In this economy, lawmakers are more willing to let people smoke 'em if they got 'em.
As recently as last year, many states and major cities seemed ready to adopt complete indoor smoking bans. But the movement to kick all smokers outdoors has stalled as the recession worsens and lawmakers fear hurting business at bars, restaurants and casinos.
"This economy, it creates a little more sympathy for the business person. So when we say this is going to put us out of business, believe me, they're listening," said Mike Moser, executive director of the Wyoming State Liquor Association.
Twenty-three states, as well as Washington, D.C., and Puerto Rico, have indoor smoking bans covering bars and restaurants. No one else has adopted a ban in the early weeks of this year's legislative sessions.
In Colorado, lawmakers are considering easing the rules after they banned smoking in most bars, restaurants and casinos.
New Jersey put off a smoking ban for Atlantic City casinos after five of 11 casinos warned they could file for bankruptcy by year's end. In Virginia, a proposed statewide ban stalled this year after lawmakers expressed concern about the economy.
Moser's group opposes an indoor smoking ban that has been offered in Wyoming. After businesses raised objections, state lawmakers last month exempted bars from the legislation.
In cities that have banned smoking in bars, "it's just killing them," said Mike Reid, owner of a wine bar in Casper. Reid voluntarily banned smoking in his bar, but opposes the forced ban as president of the liquor association.
"When someone builds a business with a clientele that smokes, they should be able to go in there and smoke," Reid said.
Health advocates are citing the economy to argue their side, too. With state budgets burdened by rising health care costs, banning smoking saves the government money in the long run, they say.
In Kansas, which has no statewide ban, advocates are circulating a new state health report predicting Kansas would save $20 million in health care costs the first year smoking is banned in bars and restaurants.
"This whole economic argument is hogwash, scientifically, but that doesn't mean it's not politically useful," said Dr. Stanton Glantz, director of the Center for Tobacco Control Research and Education at the University of California, San Francisco.
Glantz says reputable studies show indoor smoking bans do not hurt businesses, and he urged politicians to ignore complaints from bar owners that smoking bans will ruin them.
"There's a growing realization that tobacco control is good for business — all businesses except for the tobacco companies," Glantz said.
Health advocates also say the existing patchwork of tobacco regulations puts nonsmoking restaurants at an economic disadvantage in states such as South Carolina and Wyoming.
South Carolina Rep. Todd Rutherford, a Democrat who has proposed a statewide ban, said if lawmakers don't want to hurt any businesses, they "need to make this uniform."
But Virginia Delegate Tom Gear, a Republican, said other lawmakers oppose new smoking bans for the same reason.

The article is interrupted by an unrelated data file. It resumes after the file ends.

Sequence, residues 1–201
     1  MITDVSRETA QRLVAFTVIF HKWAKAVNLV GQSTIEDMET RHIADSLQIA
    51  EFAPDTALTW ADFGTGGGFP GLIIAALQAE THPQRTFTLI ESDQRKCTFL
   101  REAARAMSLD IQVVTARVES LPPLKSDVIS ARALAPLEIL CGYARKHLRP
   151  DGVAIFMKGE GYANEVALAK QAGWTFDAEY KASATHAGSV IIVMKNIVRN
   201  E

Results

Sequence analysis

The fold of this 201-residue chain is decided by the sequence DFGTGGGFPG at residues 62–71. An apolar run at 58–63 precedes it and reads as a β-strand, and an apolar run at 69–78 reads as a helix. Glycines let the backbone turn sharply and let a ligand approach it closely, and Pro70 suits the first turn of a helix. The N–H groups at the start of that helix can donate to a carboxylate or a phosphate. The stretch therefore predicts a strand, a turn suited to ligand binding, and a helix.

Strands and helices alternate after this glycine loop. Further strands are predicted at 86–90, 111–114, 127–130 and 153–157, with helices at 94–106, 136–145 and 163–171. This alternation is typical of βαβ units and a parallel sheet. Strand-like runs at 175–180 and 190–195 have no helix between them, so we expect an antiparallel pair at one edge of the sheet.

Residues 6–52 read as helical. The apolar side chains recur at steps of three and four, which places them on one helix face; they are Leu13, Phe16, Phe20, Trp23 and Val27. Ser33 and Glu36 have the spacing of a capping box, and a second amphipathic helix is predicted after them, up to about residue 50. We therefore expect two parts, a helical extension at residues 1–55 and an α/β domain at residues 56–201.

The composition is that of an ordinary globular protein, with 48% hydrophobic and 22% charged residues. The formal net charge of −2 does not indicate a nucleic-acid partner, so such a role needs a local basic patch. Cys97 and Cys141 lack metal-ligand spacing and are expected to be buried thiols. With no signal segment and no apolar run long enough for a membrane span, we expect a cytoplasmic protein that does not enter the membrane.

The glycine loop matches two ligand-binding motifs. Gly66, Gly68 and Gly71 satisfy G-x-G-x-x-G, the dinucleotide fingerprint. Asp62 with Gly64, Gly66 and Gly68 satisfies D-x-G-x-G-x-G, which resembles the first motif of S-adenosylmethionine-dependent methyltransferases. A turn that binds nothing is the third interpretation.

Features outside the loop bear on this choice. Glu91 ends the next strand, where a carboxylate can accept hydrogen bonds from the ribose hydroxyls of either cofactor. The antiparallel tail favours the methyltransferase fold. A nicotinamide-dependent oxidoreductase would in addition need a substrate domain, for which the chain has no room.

"Why should government tell a business how to do business?" Gear said.
Virginia lawmakers also rejected two tobacco tax increases this year, in part because of hesitancy to raise taxes in a recession.
In Colorado, a bill expected to be introduced this session would make it easier for taverns and casinos to seek exemptions to the ban by being classified as cigar-tobacco bars.
The bill would undo a requirement that a business must have been in place since 2005 to get an exemption.
That change would mean all bars, bowling alleys and casinos in Colorado could set aside 25 percent of their space as smoking areas as long as they derive 5 percent of their annual income or $50,000 a year from tobacco sales. Patrons would have to buy tobacco products in-house before smoking.
Anti-smoking activists thought their yearslong effort to pass Colorado's ban was over.
"We thought we had moved on," said Stephanie Steinberg, chairwoman of a suburban Denver group called Smoke-Free Gaming. "Why are we going back in time and talking about reversing what we we're done to protect the health of so many people?"
Her group had planned to focus its lobbying efforts on Las Vegas this year but instead redeployed to Colorado, which banned smoking in bars and restaurants in 2007 and in casinos last year.
In Atlantic City, N.J., city officials banned smoking on casino floors for a single month last year, but they repealed the rule after casinos complained. A telephone poll released this week indicated public support for banning smoking at casinos dropped as the economy worsened.
"To say that people want to roll back smoking laws because of the economy, it's absurd," said Karen Blumenfeld, who runs the New Jersey Group Against Smoking Pollution. "We might as well roll back health codes because the economy's bad. Or repeal child-labor laws to make factories more profitable. It makes no sense."
Opponents of indoor bans insist they are not just blowing smoke about the economy.
In a recession, people tend to cut back on discretionary spending, "and the hospitality industry, whether it's a bar or a restaurant, is one of the first things to get pruned," Moser said.